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UK kingmaker Clegg wise to wait

Nick CleggGordon Brown’s resignation — or, to be exact, his announcement that he is ready to stand down as Labour leader — was the decent thing to do for someone who has just led his party to defeat in a general election, coming second in the popular vote with only 29 per cent, and losing 91 seats.

But, as the results came in last Friday morning, Labour were not the only losers.

The Conservatives didn't win either, despite getting more votes, and more seats. Any opposition party worth its salt, taking on an unpopular, 13-year-old government after a long recession, and with the support of most of the press, should have romped home. With the leg-up that an unsophisticated voting system gives the dominant party, a mere 40 per cent of the votes would have given them an overall majority in the House of Commons. The fact that they couldn't even manage that — nudging their vote up by only 3.8 per cent — makes it clear how few British voters have been won over by the David Cameron-branded Conservatives.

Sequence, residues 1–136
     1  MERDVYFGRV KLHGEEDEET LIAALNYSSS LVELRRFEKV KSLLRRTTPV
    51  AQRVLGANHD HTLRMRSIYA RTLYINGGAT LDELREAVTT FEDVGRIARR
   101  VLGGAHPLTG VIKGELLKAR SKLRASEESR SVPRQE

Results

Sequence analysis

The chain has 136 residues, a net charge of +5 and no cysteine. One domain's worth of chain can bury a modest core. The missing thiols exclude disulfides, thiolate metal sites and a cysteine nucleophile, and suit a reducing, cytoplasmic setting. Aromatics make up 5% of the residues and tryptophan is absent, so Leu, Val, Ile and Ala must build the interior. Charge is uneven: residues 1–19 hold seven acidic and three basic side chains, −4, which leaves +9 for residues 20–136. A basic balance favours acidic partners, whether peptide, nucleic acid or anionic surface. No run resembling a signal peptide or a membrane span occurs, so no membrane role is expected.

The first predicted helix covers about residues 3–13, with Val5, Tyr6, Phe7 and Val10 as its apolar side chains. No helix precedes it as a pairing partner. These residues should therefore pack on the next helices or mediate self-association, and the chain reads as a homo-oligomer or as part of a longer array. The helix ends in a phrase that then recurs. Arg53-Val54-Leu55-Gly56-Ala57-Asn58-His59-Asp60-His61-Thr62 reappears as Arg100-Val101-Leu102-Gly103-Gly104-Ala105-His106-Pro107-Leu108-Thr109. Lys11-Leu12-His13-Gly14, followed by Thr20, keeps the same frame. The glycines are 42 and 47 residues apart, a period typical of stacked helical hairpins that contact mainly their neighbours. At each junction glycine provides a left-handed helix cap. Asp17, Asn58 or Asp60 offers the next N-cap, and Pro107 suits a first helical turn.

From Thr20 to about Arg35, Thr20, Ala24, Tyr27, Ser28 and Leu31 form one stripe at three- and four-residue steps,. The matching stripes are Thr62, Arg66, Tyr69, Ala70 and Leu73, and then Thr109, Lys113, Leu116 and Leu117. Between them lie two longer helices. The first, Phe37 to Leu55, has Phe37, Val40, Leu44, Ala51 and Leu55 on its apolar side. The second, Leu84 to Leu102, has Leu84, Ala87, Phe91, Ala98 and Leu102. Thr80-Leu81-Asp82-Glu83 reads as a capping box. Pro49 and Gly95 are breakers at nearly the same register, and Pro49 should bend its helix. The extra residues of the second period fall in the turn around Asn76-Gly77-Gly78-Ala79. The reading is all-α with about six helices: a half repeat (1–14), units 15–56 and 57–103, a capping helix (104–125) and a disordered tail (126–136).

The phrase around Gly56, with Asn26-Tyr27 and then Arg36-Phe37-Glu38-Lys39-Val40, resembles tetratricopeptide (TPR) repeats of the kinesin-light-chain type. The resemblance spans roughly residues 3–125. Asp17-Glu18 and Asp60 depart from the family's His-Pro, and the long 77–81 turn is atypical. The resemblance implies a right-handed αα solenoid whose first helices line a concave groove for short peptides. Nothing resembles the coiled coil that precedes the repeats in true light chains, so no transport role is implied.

But the biggest disappointment will have been felt in the Liberal Democrat camp. Despite all the media hype about 'Cleggmania' after their leader's widely-acclaimed performance in the series of TV debates, they finished the night five seats down, and their share of the vote crept up just 1 per cent to 23 per cent.

Their vote actually fell in Scotland where, in a very different political atmosphere, support for Labour was up. The 'personality politics' that favour Clegg and Cameron in Middle England play very differently north of the border, where the Tory leader's Eton vowels are an instant turn-off and where instinctive sympathy for the embattled Brown is only deepened by resentment at the London-centred media's relentlessly negative portrayal of him.